Duda and his wife, Agata Kornhauser-Duda took part in observance marking the 80th anniversary of the tragic event held on Sunday evening at the Polish Military Cemetery in Bykivnia near Kiev.
The Polish president said that he was very satisfied that "thanks to the kindness of the Ukrainian authorities" the Polish delegation could "stand on this land of blood in Bykivnia," the place where thousands of Poles were murdered.
He said that a lie about the Katyn massacre was the foundation of communist Poland, "the strongest unifying element of the people of that era," and „therefore we are proud that the truth about the Katyn massacre, about the bestial genocidal murder that the Soviets committed against Polish officers in Katyn, in Kharkiv and here in Bykivnia, is today one of the strongest foundations of a free, true, truly sovereign, independent Poland."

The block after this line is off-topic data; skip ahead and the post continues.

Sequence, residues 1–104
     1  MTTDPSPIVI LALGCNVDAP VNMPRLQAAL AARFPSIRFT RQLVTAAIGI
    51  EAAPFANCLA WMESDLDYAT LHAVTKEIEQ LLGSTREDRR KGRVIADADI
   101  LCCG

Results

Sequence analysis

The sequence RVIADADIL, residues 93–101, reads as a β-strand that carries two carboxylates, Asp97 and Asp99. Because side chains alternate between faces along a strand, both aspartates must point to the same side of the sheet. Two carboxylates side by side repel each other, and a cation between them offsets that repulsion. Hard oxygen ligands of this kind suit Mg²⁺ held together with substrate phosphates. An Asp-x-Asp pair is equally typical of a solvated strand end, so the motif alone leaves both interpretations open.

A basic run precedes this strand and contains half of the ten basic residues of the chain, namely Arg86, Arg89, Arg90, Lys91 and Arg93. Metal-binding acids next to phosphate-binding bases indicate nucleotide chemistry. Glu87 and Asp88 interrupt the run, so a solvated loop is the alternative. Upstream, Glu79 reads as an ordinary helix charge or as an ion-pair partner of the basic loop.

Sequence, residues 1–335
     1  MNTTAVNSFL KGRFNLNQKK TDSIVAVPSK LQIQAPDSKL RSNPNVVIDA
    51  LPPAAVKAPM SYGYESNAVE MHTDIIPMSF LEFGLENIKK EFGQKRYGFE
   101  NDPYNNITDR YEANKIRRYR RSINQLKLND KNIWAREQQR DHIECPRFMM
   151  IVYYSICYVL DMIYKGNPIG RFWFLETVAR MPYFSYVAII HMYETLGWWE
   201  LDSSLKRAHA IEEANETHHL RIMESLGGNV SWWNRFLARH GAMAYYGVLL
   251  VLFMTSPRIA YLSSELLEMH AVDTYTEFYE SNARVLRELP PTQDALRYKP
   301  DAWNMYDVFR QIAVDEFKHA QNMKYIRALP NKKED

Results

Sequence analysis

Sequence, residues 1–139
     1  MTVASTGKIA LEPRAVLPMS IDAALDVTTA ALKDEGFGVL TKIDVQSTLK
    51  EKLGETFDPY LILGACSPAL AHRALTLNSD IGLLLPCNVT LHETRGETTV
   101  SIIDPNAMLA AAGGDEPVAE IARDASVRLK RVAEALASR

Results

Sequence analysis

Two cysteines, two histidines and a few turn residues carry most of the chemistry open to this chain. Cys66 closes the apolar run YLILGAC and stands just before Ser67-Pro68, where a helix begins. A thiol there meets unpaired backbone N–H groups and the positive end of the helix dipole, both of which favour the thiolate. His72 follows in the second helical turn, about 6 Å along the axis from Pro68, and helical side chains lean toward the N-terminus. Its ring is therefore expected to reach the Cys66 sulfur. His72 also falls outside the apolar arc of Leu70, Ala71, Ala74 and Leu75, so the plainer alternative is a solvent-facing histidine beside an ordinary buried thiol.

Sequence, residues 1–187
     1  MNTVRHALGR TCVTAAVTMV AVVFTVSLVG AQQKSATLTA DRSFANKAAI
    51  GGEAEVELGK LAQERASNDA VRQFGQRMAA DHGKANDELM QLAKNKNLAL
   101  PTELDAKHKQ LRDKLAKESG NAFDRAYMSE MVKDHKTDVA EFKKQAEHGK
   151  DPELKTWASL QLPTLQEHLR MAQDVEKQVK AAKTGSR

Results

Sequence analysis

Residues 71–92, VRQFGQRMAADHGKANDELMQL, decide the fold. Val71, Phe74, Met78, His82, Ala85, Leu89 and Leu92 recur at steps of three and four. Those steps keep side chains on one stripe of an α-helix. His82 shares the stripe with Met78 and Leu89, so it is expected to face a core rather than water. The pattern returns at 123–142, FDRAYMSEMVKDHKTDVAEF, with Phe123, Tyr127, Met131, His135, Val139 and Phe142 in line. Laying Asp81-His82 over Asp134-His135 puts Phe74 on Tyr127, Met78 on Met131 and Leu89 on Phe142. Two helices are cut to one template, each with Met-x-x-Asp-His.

The Polish president also condemned the Russian annexation of Crimea from Ukraine and Moscow's support for pro-Russian separatists in eastern Ukraine as he called for respecting international law.
After the ceremonies, Duda's chief aide, Krzysztof Szczerski, said that the Polish president and his Ukrainian counterpart, Volodymyr Zelensky, will on Monday sign a joint declaration on the strategy and goals of the two countries' common policy on history, economy and security.
"The presidents will adopt a very important political declaration that will sum up and outline all the key issues in bilateral relations, in the areas of security, economy, the situation of national minorities in both countries as well as historical issues," Szczerski said. (PAP)